Green Datacentre

reviewed by

Short description

Symbiosis between a greenhouses and a datacentre


The combined heat and power generation of modern greenhouses supply the electrical energy for large high-performance datacentres. The exhaust heat of the computer equipment is delivered back to the greenhouses.




Starting date:






Qualitative Analysis

Description of the Process

Data centres account for roughly 1% of the global electricity consumption. And the demand for new data centres keeps growing as more and more services are moving to the cloud. Companies work hard to increase the efficiency of their facilities. Electricity is not only used to run the ict equipment, but also for lighting and most important for cooling.   Parthenon Data Centres developed a project to combine a data centre with an industrial scale greenhouse. These greenhouses usually generate electricity with combined heat- power units (CHP). The heat and the CO2 from the combustion process of the gas engines is pumped into the greenhouses to speed up the growth of the crops. The electricity produced is no longer sold to the grid, but locally fed in the data centre.   The data centre, on the other hand, supplies its superfluous heat to a newly built greenhouse. That greenhouse receives its share of the CO2 from the CHP units. During summer when outside temperatures are suitable for the crops and therefore no additional heating is necessary, the heat is stored in an aquifer underground and can be extracted again in the cold season.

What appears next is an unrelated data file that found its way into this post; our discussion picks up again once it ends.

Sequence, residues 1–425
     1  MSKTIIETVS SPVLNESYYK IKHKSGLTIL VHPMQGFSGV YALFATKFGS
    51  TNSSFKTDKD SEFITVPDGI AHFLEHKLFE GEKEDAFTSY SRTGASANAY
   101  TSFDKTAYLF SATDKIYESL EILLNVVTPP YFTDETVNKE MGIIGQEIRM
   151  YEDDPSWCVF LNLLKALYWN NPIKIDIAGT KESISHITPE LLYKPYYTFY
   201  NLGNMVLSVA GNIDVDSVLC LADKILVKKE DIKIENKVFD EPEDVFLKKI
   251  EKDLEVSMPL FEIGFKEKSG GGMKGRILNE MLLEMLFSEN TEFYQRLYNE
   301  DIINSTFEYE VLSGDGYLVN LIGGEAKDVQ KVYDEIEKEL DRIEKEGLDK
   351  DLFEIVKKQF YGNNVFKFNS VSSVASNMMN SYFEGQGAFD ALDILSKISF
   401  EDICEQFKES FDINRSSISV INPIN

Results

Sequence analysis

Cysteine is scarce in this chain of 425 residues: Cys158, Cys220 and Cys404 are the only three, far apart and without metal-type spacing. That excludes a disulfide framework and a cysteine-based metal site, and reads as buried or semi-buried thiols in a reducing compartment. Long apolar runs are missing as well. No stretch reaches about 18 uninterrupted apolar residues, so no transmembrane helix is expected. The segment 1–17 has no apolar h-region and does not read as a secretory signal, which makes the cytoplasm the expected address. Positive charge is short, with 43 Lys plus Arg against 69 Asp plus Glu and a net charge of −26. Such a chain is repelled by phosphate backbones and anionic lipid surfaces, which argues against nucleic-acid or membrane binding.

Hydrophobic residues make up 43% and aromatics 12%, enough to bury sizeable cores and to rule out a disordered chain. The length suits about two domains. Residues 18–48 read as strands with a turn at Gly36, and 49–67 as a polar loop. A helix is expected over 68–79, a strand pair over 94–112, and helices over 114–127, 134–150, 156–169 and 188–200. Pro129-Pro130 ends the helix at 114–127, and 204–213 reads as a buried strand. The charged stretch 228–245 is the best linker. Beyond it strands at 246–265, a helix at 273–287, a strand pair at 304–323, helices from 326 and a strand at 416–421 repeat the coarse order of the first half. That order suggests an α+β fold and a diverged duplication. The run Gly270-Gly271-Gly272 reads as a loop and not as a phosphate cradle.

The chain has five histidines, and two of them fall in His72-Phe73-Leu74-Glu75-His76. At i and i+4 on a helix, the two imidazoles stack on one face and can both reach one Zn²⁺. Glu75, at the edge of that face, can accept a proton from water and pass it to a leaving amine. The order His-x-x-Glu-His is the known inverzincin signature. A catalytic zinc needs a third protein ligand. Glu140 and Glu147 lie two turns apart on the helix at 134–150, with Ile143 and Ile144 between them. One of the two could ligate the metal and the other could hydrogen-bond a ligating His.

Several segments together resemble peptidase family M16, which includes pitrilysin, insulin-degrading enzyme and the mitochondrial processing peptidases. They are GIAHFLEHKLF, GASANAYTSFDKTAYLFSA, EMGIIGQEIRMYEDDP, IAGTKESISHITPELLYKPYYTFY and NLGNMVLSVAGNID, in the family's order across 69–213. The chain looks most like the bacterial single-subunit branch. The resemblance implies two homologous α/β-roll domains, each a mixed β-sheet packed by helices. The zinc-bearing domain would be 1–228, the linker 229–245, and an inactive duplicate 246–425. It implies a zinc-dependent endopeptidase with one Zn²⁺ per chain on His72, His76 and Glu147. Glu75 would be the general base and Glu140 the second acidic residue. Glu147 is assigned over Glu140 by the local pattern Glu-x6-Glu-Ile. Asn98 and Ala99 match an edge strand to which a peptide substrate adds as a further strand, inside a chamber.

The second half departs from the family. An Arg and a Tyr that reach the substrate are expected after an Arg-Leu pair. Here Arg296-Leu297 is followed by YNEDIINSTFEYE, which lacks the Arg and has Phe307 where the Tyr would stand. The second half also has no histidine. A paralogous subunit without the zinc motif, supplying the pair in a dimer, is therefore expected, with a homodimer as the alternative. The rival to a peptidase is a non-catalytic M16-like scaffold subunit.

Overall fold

One of the first examples of reusing waste heat from a data centres was deployed at the Worcester Polytechnic Institute, Massachusetts, USA in 1986. The heat from the computer room was vented to a space just below a tiled sidewalk. During winter that kept the sidewalk free of ice and snow.   Since then, several examples of heat reuse have been implemented. Most common is to supply the heating systems of residential- and office buildings.

Problems during the the realization of the project and how they were approached

In April 2012 Parthenon had to admit that the project was on hold. Only four days later, Datahouse, a local data service provider made public that he was interested in the project and that negotiations are underway.

Comments (0)

not logged in